Ned Ward

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Ned Ward, engraving by Michael Vandergucht

Ned Ward, also known as Edward Ward (b. 1660 or 1667 in Oxfordshire, England; † 20 June 1731 in London, England) was an English satirist, author and publican in the late 17th and early 18th centuries.


There is little information about Ward’s origins and youth. Theophilus Cibber calls him a man of low birth who never enjoyed a regular education. In 1691 he published his first book in London, in which he laments his poverty and the fact that he cannot earn an income from his writing. He had a success in 1698 with a book about his trip to the port city of Port Royal in the English colony of Jamaica in the West Indies. This was followed by an account, A Trip to New England, of a journey he had never made himself.

His greatest success in the London literary world of the time was The London Spy, which was published in 18 monthly installments beginning in November 1698. His later printed descriptions of conditions in London and in the England of his time were each marketed as having been written by the author of The London Spy.

Political commitment

From 1698 Ward championed the interests of the so-called High Church within the Anglican Church of England. From 1705 to 1707, he published 24 monthly issues of his work Hudibras Redivivus, in which he attacked the ruling class in England, the Whigs. As a result, he was accused, among other things, of insulting Queen Anne and was therefore imprisoned twice in 1706 and even pilloried twice in London, once at the Royal Exchange and again at Charing Cross.


With the accession of George I, Ward’s comments on political issues became milder. His works were more concerned with his personal experiences as a tavern keeper and with descriptions of London or other cities in England. These were widely read even in the English colonies in North America, so much so that the influential Puritan Boston clergyman Cotton Mather warned against reading them in 1726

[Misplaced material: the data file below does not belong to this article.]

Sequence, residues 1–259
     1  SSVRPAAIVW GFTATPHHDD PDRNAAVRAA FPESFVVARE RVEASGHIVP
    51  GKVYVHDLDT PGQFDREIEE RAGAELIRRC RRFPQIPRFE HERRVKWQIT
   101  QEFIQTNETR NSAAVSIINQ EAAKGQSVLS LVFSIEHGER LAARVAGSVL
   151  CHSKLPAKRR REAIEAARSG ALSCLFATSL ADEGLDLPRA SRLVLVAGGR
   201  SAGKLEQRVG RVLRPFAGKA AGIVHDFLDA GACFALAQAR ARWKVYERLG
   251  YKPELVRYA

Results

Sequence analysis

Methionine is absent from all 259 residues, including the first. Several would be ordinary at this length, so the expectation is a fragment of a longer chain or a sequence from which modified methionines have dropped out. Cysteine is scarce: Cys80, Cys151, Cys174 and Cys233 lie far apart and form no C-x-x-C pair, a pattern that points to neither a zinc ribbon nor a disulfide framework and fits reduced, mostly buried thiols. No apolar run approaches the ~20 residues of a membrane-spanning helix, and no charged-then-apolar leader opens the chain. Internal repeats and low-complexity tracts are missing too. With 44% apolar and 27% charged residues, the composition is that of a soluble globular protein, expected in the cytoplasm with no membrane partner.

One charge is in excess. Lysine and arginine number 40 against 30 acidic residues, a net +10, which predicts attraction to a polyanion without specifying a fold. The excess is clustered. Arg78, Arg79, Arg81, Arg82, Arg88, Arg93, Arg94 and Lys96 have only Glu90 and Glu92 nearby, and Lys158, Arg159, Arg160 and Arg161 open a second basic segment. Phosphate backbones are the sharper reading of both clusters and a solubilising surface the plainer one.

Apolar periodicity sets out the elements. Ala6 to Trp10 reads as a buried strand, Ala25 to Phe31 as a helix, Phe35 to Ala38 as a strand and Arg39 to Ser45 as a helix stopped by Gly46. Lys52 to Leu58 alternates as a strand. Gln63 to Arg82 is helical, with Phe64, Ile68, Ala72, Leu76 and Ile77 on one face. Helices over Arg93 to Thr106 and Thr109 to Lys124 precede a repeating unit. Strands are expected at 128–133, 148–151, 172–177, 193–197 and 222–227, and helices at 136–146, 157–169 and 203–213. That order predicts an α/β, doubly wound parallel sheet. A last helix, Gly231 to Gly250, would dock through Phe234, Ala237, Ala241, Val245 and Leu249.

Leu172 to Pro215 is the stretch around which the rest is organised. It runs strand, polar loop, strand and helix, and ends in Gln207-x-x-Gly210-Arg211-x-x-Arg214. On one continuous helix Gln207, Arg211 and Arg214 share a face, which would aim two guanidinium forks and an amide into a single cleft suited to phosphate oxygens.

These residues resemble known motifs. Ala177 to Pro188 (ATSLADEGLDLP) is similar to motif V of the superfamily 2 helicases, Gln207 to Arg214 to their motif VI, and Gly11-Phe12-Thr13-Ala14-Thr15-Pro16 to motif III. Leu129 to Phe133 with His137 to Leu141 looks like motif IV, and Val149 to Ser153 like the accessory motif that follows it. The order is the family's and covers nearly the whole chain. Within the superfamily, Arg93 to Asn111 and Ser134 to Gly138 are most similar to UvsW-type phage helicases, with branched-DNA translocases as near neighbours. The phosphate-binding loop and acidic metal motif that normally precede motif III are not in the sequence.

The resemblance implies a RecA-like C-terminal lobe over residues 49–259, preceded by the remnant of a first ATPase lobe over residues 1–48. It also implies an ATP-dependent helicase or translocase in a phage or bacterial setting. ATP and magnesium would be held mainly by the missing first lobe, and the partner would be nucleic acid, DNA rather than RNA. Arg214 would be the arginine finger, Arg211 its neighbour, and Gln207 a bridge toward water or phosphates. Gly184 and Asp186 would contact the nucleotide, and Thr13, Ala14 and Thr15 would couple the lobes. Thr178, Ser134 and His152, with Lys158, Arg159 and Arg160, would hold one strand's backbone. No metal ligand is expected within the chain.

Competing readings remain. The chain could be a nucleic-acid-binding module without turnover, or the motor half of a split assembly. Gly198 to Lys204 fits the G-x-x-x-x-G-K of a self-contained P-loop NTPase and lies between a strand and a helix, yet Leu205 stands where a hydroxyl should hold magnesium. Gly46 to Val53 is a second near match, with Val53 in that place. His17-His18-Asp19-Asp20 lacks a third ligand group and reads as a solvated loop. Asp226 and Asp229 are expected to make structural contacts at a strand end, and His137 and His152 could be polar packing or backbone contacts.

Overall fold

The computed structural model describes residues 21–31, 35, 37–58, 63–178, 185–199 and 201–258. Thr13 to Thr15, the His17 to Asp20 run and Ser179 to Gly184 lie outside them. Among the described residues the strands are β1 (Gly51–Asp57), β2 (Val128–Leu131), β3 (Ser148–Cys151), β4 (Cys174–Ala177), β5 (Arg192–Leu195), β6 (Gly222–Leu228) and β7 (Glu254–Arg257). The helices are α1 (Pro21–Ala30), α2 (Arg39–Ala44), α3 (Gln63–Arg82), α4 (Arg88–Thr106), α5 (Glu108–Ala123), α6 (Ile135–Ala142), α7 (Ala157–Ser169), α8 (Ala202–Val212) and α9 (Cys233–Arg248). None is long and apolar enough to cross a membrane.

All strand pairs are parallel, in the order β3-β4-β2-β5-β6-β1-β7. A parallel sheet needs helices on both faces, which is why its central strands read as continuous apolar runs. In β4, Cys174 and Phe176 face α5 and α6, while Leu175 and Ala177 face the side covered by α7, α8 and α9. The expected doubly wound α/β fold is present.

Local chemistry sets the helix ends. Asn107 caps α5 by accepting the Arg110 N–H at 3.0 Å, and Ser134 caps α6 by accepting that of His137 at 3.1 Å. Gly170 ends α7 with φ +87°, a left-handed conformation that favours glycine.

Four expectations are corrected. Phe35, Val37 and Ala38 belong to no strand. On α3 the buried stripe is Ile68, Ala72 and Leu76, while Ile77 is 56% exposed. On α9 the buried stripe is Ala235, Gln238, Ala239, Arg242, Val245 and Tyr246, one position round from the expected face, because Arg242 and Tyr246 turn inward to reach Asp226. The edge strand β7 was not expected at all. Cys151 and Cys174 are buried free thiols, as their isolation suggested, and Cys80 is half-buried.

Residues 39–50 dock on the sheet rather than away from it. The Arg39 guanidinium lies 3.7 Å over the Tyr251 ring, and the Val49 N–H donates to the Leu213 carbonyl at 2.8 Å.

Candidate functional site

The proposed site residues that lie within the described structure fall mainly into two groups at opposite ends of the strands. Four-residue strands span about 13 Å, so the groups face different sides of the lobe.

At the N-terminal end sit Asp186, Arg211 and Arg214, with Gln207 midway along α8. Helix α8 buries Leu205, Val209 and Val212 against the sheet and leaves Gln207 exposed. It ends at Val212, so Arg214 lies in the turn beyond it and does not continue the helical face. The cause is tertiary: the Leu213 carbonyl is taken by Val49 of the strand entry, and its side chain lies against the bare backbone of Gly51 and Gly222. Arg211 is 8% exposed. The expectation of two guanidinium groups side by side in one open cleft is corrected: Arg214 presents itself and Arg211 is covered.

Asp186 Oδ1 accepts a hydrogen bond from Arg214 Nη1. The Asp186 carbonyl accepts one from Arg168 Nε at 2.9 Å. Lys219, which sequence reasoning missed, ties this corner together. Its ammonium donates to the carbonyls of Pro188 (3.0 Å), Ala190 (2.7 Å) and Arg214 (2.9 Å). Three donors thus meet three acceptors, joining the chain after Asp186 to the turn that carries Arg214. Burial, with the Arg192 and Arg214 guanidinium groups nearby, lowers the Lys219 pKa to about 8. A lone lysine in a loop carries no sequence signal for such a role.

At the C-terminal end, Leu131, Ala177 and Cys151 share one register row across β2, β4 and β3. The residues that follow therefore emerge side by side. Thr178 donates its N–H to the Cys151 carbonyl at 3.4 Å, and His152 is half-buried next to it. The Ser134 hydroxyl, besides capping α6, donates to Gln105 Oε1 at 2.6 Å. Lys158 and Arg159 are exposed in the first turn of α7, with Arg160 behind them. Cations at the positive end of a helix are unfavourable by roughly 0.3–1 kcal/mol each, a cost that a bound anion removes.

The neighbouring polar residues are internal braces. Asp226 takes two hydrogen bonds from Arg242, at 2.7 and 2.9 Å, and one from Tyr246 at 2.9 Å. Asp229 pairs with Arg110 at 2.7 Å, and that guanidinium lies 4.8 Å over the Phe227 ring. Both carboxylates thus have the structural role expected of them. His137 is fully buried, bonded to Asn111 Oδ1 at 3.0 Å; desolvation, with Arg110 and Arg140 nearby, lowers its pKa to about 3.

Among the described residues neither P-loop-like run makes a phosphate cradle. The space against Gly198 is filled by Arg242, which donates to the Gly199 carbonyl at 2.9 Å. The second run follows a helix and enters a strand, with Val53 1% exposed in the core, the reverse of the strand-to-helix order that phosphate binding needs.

From 1717 to 1730 he ran the Bacchus Tavern in the Moorfields district of London. At the turn of 1729/1730 he took over The British Coffee House at Fullwood’s Rents near Gray’s Inn.


It is not certain whether Ward was ever married under the law. However, an obituary includes the names of his wife and children. His remains were interred in St Pancras churchyard, Middlesex.


  • 1691: The Poet’s Ramble after Riches.
  • 1695: Female Policy Detected, or, The Arts of a Designing Woman.
  • 1698: A Trip to Jamaica.
  • from 1698: The London Spy.
    • New edition by Kenneth Fenwick, The Folio Society, London 1955.
  • 1698: Sot’s Paradise.
  • from 1698: Ecclesia et factio.
  • 1699: A Trip to New England. With a Character of the Country and People, Both English and Indians.
  • 1700: A Trip to Bath.
  • 1700: A Trip to Stourbridge.
  • from 1705: Hudibras Redivivus.
  • 17111/1712: Don Quixotte
  • 1720: The Delights of the Bottle.
  • 1724: The Dancing Devils or: The Roaring Dragon, A. Bettesworth, London.


  • Howard William Troyer: Ned Ward of Grub Street: A Study of Sub-literary London in the Eighteenth Century. London 1946 and 1968.
  • Fritz-Wilhelm Neumann: Ned Ward’s London. Secularization, Culture and Capitalism around 1700. Wilhelm Fink Verlag, Munich 2012, ISBN 978-3-7705-4992-4.

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